Programming to tubthump the upcoming premiere of “The Avengers,” Epix has concocted a “Marvel Heroes Weekend” consisting of the company’s existing movies (“Thor,” “Captain America,” “Iron Man”) and a documentary devoted to their co-creator, Marvel patriarch Stan Lee. The 80-minute film is sort of a wonderful mess — disjointed, poorly ordered, but like Lee himself, irrepressible and bubbling with energy. If nothing else, it’s a primer on the genesis of superhero comics, an artform that, for better and worse, has become a cinematic staple.
Deriving its title from Spider-Man’s realization, “With great power comes great responsibility,” the doc begins badly, featuring a litany of empty tributes to Lee and Marvel from movie stars with all the heft of cribbing sound bytes from an electronic press kit.
After that, filmmakers Nikki Frakes, Terry Dougas and Will Hess settle into a more conventional biography, talking to an assortment of artists and other alumni from the “Marvel bullpen” who worked with Lee, as well as his wife, Joan, who proves every bit as colorful as he is.
The best part, not surprisingly to anyone who’s met him, is simply listening to the octogenarian raconteur spin stories he’s clearly told a thousand times before, no doubt with a healthy sprinkling of hyperbole.
Self-effacing but also a natural ham and showman, Lee speaks of the early days, how he stumbled into management and the stigma associated with the medium as a less-than-respectable career. As Lee relates, he was ready to quit when — following Joan’s advice — he decided to write a comic the way he wanted to, giving birth to the Fantastic Four in 1961.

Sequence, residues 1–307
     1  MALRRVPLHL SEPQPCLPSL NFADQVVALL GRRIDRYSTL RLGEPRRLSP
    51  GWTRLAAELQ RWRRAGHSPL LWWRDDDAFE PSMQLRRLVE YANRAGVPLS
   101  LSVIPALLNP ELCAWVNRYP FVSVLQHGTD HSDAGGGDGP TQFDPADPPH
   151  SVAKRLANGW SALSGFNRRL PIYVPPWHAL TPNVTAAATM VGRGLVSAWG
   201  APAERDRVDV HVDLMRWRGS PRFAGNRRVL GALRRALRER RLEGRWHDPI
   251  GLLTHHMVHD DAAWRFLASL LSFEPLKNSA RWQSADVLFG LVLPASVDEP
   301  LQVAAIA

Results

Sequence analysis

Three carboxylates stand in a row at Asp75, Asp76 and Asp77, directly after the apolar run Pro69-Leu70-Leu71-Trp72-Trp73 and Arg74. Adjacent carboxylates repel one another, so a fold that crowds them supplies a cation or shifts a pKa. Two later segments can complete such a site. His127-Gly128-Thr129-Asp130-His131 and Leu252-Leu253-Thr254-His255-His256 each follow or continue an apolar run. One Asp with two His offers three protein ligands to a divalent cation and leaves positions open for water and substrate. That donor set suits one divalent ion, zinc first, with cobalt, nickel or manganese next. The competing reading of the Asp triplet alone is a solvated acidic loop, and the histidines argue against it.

Film deals less successfully with Lee’s reputation as a credit hog and his relationship with the artist on most major Marvel titles, Jack Kirby, who wound up resenting Lee’s long shadow, despite his role in co-creating Fantastic Four, the Avengers, X-Men, Iron Man, the Hulk and Thor during the 1960s, in what’s described as the most explosive period of success by a creative duo other than Lennon and McCartney.
As comics titan-turned-filmmaker Frank Miller notes of that heady period, those titles were “unlike anything I had ever seen before. The pages rippled with energy.”
The Kirby segment also messes up the chronology, preceding psychologist Fredric Wertham’s campaign against the corrosive effect of comics on children — and his book, “Seduction of the Innocent,” which cast a pall over the industry. But Wertham waged his campaign in the ’50s, before the wave Marvel unleashed that made comicbooks cool, relevant and relatable to young readers in a way they hadn’t been previously.
“With Great Power” captures what made Lee such a great ambassador for the medium, as well as acknowledging the pivot in tone and quality ushered in by the movie “X-Men,” spurring the onslaught of superheroes Epix is shrewdly exploiting. Perfect, it’s not. But listening to Lee, it’s easy to feel like a little kid — flipping through those brightly colored pages — all over again.